Processed meat increases risk of heart diseaseBut not other red meats
Eating processed meat such as bacon and sausages increases the risk of heart disease and diabetes, new research has found.
But eating unprocessed red meat such as lamb, pork and beef is not associated with a higher risk of both conditions.
Researchers from Harvard School of Public Health, US, analysed data from 20 previous studies involving more than a million people from 10 countries to compare what effect eating processed and unprocessed meat had on health.
They found that people who ate 50g of processed meat a day had a 42 per cent higher risk of developing heart disease and a 19 per cent higher risk of developing diabetes.
A 50g seving of meat is the equivalent of one hot dog or two rahers of bacon.
However eating unprocessed beef, lamb or pork appeared to have no effect on the likeliehood of developing either heart disease or diabetes.
Dr Renata Micha from the department of epidemiology at the university suggested the higher risk of heart disease and diabetes associated with eating processed meats may be partially explained by the differences in salt content.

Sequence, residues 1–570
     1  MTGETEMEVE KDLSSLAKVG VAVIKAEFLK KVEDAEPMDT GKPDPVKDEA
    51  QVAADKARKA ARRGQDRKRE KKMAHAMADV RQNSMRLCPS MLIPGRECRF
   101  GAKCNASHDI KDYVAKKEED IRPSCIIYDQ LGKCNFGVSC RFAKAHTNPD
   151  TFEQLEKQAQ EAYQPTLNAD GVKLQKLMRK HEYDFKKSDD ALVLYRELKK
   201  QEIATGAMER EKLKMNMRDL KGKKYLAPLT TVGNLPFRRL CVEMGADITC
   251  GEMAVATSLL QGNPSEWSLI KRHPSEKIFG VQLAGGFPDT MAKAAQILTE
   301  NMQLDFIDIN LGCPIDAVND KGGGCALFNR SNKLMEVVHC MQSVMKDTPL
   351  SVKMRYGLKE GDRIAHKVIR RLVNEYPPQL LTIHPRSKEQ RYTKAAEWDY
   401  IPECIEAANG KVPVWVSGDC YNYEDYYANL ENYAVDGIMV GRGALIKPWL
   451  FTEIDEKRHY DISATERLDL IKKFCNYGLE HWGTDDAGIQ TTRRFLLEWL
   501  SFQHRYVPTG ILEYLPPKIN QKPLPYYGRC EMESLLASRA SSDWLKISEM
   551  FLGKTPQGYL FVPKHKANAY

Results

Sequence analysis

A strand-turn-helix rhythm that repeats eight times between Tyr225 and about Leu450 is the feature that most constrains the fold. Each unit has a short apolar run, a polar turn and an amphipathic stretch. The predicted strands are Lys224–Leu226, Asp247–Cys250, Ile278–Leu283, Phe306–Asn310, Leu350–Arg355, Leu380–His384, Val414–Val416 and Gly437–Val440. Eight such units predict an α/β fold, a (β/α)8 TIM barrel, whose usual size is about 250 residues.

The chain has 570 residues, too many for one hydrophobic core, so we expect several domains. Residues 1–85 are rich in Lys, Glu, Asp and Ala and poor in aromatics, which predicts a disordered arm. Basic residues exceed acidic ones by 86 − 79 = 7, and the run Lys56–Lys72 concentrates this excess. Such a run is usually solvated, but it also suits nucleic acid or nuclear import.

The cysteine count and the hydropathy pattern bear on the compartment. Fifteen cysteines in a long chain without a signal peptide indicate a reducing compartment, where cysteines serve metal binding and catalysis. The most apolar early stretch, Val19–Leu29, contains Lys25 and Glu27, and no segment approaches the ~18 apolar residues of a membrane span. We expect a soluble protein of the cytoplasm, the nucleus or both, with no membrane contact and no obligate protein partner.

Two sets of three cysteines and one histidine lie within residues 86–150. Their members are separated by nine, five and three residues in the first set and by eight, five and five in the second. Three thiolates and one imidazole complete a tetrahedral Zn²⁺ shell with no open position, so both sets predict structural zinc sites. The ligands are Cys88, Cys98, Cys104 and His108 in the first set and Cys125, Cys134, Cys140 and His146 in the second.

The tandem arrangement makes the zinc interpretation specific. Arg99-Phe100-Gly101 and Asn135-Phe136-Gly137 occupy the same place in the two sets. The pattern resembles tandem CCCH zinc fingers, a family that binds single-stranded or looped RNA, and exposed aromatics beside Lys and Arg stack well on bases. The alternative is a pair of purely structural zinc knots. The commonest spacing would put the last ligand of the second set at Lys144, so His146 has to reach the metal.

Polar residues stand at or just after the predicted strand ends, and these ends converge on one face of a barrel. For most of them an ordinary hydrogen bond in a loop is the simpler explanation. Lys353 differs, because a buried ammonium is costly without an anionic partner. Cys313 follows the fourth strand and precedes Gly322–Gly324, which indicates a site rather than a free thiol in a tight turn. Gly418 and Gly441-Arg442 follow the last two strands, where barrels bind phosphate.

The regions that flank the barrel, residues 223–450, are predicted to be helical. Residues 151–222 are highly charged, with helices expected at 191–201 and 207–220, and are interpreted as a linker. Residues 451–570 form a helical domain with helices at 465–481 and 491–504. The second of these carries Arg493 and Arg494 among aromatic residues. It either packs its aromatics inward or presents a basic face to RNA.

She said: "When we looked at average nutrients in unprocessed red and processed meats eaten in the United States, we found that they contained similar average amounts of saturated fat and cholesterol.
"In contrast, processed meats contained, on average, 4 times more sodium and 50 per cent more nitrate preservatives.
"This suggests that differences in salt and preservatives, rather than fats, might explain the higher risk of heart disease and diabetes seen with processed meats, but not with unprocessed red meats."
Salt is known to increase blood pressure, a strong risk factor for heart disease, and nitrates have been shown to speed up hardening of the arteries in animal studies.
"To lower risk of heart attacks and diabetes, people should consider which types of meats they are eating," Dr Micha said.
"Processed meats such as bacon, salami, sausages, hot dogs and processed deli meats may be the most important to avoid. Based on our findings, eating one serving per week or less would be associated with relatively small risk."
The study findings are published online in the journal Circulation.
This article was published on Tue 18 May 2010
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